Today, my 7th grader did his math lesson on a laptop in my parents’ dining room, his spelling on the living room floor, and his history on the couch.
Yesterday, we planned a last-minute field trip to a children’s museum since grandma was available to join us.
Last week, when all the public schools were in session, we took our Spring break because it worked better for our family’s schedule.
A month ago, my 4th grader and I decided to switch to a different math curriculum. We transitioned mid-year to a program that worked better for him.
We’ve got no school desks, no bulletin boards, no interactive smart whiteboard, and no lockers. Some days we start school at 7am and other days at 10am. Our homeschool is a far cry from a public school classroom.
One of the best things about homeschooling is the ability to schedule your life without being tied to a school calendar. So, in that sense, ANYTIME can be the “perfect time” for your homeschooling family’s vacation, depending on your needs and goals.
But, I’ve found there’s a vacation sweet spot that has worked out best for us and that time is…
You never imagined yourself doing school at home. Or maybe you did, but not yet… and definitely not because schools closed suddenly during a pandemic! You don’t have the luxury of researching and planning over the summer months – this is happening NOW!
But for now – right now – you want to make the most of this. For the next three weeks or three months or however long it lasts, you want to take the lemons and make lemonade.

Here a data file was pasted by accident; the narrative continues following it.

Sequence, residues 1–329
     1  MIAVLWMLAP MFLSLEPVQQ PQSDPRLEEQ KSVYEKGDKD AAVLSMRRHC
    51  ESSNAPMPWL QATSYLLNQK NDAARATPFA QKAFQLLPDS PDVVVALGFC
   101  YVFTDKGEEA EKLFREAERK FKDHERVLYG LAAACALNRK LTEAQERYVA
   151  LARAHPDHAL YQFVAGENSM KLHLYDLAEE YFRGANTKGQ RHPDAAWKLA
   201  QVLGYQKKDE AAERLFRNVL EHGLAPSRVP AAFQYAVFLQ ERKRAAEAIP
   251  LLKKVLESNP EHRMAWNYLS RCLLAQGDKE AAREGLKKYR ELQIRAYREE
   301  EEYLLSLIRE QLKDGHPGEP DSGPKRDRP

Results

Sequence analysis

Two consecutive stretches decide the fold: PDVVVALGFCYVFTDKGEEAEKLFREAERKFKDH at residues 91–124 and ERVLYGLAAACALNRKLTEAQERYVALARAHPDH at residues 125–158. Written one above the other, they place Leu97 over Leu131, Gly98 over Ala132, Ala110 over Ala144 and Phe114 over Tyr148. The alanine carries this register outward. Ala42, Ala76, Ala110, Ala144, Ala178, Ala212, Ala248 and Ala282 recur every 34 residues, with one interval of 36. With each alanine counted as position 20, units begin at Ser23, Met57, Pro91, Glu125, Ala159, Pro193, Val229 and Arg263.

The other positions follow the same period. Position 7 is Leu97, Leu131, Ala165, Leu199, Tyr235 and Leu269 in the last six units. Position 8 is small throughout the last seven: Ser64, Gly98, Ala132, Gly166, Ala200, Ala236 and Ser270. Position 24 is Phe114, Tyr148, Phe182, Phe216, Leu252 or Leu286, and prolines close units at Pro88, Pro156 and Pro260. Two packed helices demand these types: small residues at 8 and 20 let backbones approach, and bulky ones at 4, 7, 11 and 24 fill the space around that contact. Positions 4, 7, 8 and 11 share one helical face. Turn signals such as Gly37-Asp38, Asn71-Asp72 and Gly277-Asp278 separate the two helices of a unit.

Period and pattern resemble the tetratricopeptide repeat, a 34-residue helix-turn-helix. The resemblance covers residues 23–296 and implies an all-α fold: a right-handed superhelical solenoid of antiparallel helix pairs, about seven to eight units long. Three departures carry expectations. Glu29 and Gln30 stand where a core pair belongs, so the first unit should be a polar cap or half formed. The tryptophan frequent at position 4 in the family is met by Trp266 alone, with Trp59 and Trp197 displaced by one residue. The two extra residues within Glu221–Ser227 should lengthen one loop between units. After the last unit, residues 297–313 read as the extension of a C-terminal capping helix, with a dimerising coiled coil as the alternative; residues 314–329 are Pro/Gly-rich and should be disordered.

In this series, I’m hoping to give you a glimpse into why homeschooling is so effective for kids of all ages.
In the previous post, I showed just how much preschoolers are learning all the time. Homeschooling is incredibly effective for young kids since there’s time to answer more of their bazillion daily questions and let life and learning flow together naturally.
As kids get into their early elementary years, their brains are still like sponges. They’re constantly soaking in information and now they’re old enough to make more sense of it.
One of the things that helped me the most in my transition from “What is homeschooling?” to “Let’s homeschool!” was reading about what homeschoolers actually do all day. Reading “a day in the life” blog posts about actual, real-life, home educating families doing actual, real-life homeschool-y things opened my eyes to the limitless variety of ways learning can (and does) happen.
I’ve been wanting to write my own “Day in the Life…” post for a long time and here it finally is!